Models and Narratives (1)

Steven Bishop, David Tuckett, Peter Baudains, David Chavalarias, Wanglin Yan, Gertjan Storm, Diana Mangalagiu, Jason Greenlaw, Ilan Chabay, Armin Haas, Ricardo Herranz, Jon Reades, Kurt Dobfer, Paul Ormerod, Andrzej Nowak, Nils Ferrand, Achim Maas, Armin Leopold, Sarah Wolf, Hannes Kutza, Heinz Gutscher, Laszlo Pinter

– The context under which financial managers make decisions have extremely high levels of uncertainty. They construct a narrative to convince themselves to take a certain action. This story needs attractors and anti-repellors (defined as something in the narrative to manage repellors which cause anxiety and doubt).
– Can we look for the shift or sudden transition in narratives e.g. ‘dot com’?
– Narrative of neo-classical economics is dominant in policy-making.
– Construction of narratives as a scientific process. Bayesian: observe and then update your views.
– Narratives as a starting point for the construction of a model. We need to be aware of limitations of that model.
– Narratives link with social dynamics – there is a feedback loop between narratives and psychological factors that lead to behaviour change.
– GSS needs to be aware it is constructing a narrative. What is it?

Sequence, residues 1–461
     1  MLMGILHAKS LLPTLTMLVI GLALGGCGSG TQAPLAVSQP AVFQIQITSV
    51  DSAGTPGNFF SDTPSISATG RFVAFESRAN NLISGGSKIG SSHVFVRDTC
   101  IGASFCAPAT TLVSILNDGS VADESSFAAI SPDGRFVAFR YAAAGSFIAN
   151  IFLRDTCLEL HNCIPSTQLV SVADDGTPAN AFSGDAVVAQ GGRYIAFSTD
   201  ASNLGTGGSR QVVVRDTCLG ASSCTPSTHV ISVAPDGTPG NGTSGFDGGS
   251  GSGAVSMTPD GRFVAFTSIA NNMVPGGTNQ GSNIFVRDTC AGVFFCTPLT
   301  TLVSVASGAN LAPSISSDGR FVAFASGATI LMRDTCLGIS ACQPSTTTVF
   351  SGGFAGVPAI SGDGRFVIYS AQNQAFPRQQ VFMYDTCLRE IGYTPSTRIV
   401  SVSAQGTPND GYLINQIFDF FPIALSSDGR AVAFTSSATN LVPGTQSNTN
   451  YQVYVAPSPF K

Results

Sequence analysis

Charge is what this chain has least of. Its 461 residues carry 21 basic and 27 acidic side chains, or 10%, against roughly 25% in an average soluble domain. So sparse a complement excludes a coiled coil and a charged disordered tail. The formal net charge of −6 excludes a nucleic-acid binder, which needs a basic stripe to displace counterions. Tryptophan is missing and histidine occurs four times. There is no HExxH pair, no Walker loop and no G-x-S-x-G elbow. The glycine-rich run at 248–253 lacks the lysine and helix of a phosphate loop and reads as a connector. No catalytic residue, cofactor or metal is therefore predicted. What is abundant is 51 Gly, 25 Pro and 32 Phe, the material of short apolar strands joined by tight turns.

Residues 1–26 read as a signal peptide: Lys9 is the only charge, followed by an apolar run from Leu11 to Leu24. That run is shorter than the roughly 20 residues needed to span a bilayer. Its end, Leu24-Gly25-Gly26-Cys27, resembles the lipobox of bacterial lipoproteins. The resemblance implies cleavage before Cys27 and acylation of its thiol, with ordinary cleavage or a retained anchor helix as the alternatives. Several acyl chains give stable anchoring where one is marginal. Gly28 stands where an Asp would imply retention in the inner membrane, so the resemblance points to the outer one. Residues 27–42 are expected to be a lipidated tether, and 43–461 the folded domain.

– An ‘ecosystem of narratives’: there is competition, which ones win? Why are some counter-factual narratives successful? E.g. finding someone to blame. E.g. Eurozone has two competing narratives: stability versus collapse. The situation won’t be resolved until one of these gets global traction.
– As soon as it is recognised that a narrative has some social impact, the status of the narrative changes.
– A tendency in science to respond to negative narratives (negative in terms of what we believe) by throwing more data and analysis at it. In terms of people, this has no impact. ‘I’ll believe it when I see it’. How are narratives connected to objective reality?
– It is likely that we need different narratives for different cultures. Perhaps this is the role of art.
– Self-fulfilling narratives? Three possible ways in which this can happen: 1. A very good prediction of the future, 2. Accepted globally, so people begin to act on narrative (e.g. economics), 3. An institution (e.g. state) pursues a narrative with force.
– Science and policy reinforcing themselves through a narrative.
– ICT tools to track narratives and their social dynamics automatically. How can we use this to enhance our narratives for policy-makers? How are some narratives very powerful and others are not? Can we move to ‘narrative engineering’?
– Narratives attached to models versus narratives as models.

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